The House could be forgiven for believing that the difficulties I have described are new and have been brought about by the single European market. Sadly, that is not the case. The problem has existed for many years. I have a letter from a former Treasury Minister relating to the belief that the French would not apply VAT law correctly. Nothing has changed in that regard. He wrote: I gave an assurance that the Government would follow up the earlier official protests made to the Commission in May. It should become clear in the course of the next month whether we can realistically progress within an acceptable time scale. However, should it become apparent that we cannot, then the Government will give further and urgent consideration to the bloodstock problems as a whole. That Minister was Peter Rees, and the date of his letter was 30 August 1979. As my hon. Friend the Minister acknowledges by his smile, that month has become somewhat extended—to 13 years and two months. Still that unfair discrepancy exists, worsened by the rise in VAT rates and single market changes.

The lesson to be learnt is that any protest to the Commission is a waste of time. France, or any other nation, will do what is in its special interest. Although my right hon. Friend the Paymaster General and his predecessors have consistently referred to the need to press the Commission to take action, my right hon. Friend must understand that the industry and many right hon. and hon. Members view such pronouncements with a degree of scepticism.

A year ago, the Select Committee on Home Affairs, under the chairmanship of my hon. Friend the Member for Westminster, North (Sir J. Wheeler), undertook a highly regarded investigation into the financing of the racing industry. The Select Committee concluded that the Government must act quickly to alleviate the serious discrepancy that I mentioned. Consequently, the Minister then having responsibility for such matters—my right hon. Friend the Member for Norfolk, South-West (Mrs. Shephard)—undertook a considerable amount of work to devise the flat-rate scheme for farmers that is now embodied in the Finance Act 1992. The industry made it plain, however, that it would not help most of the major United Kingdom breeders—and that is proving to be the case.

More recently, my right hon. Friend the Paymaster General devised an extension of the rules governing distant selling to provide for temporary export as a means of avoiding the full VAT implications. That is of benefit only in respect of horses valued at more than 15,000 guineas, because it still costs the owner about £700 to export an animal to Ireland to complete the necessary paperwork—only for the new owner to bring the horse back. My right hon. Friend deserves credit for that concept, but it is not in itself sufficient. Most breeders of such horses would rather pay that £700 and sell them in a foreign sale ring.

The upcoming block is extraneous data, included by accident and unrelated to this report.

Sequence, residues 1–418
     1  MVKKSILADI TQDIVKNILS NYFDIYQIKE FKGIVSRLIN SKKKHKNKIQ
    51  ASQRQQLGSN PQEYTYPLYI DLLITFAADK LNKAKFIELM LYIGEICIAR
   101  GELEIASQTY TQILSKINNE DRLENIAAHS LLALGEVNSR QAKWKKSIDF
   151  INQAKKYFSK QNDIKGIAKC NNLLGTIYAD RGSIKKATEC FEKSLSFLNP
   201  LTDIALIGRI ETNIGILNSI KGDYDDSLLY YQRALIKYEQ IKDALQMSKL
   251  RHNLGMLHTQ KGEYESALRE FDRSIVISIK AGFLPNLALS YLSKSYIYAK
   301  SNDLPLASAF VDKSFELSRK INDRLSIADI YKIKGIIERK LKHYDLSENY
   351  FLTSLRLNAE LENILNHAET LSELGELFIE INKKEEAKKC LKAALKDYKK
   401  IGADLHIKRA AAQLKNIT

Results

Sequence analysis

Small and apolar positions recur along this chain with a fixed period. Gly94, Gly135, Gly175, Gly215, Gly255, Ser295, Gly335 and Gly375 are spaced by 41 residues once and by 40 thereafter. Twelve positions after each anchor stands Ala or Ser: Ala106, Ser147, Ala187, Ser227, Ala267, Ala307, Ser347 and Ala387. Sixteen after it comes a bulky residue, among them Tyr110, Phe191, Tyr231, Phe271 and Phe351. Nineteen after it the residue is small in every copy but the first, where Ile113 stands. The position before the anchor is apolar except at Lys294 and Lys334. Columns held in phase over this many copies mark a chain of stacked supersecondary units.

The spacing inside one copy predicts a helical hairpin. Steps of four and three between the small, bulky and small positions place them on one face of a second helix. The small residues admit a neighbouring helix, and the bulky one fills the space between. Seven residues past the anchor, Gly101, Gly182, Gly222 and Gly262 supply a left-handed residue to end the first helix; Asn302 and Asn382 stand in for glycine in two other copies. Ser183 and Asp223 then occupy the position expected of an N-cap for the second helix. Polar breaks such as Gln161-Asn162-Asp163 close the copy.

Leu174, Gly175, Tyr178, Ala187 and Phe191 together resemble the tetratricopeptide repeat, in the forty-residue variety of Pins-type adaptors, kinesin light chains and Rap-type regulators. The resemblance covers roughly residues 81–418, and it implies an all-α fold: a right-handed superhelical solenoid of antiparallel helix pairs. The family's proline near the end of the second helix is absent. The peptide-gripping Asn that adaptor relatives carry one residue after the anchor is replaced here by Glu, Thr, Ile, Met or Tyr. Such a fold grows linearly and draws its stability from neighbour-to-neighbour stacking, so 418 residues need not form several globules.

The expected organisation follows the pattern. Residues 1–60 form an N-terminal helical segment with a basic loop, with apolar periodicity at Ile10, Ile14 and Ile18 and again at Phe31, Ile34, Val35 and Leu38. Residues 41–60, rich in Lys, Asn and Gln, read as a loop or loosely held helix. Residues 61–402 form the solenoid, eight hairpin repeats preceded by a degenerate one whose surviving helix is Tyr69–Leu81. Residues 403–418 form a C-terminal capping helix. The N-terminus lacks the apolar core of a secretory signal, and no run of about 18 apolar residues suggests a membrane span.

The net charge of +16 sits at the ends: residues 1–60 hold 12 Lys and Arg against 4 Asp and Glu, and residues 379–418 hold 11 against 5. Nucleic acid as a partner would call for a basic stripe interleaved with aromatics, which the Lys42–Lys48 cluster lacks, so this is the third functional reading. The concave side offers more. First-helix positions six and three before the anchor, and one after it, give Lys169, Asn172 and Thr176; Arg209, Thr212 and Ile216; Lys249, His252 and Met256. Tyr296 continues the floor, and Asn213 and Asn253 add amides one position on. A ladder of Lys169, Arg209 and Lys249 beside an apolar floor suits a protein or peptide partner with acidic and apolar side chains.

The results of the first two sales at Tattersalls this autumn fulfilled the worst prophecies. The combined total income fell from £24 million last year to £16 million—a decline of 32 per cent. That itself cost the Government £1.4 million in lost VAT revenue. I emphasise that that money has gone already. The Treasury loses out regardless, and the country loses out because our blookstock industry is severely damaged.

My hon. Friend the Minister—and, indeed, others—may be tempted to dismiss the reduction in prices as simply part of the recession. Before they do so, they should study the catalogues for the Deauville sales in France: they will find that in the past two years there has been a substantial increase in the number of consignments of horses from British breeders who had previously sent their horses to Tattersalls. Furthermore, in the past few weeks the Maktoum family—whose racehorse interests in this country are extensive—has decided to reduce its activities here. That family has given as one of the two main reasons for its move the VAT rate. Already the family had been approached by a senior official of the French Government, who were anxious to encourage it to remove all its racing interests to France and prepared to offer help to that end. The Maktoums may be the most well known, but many smaller breeders and owners are tempted to follow.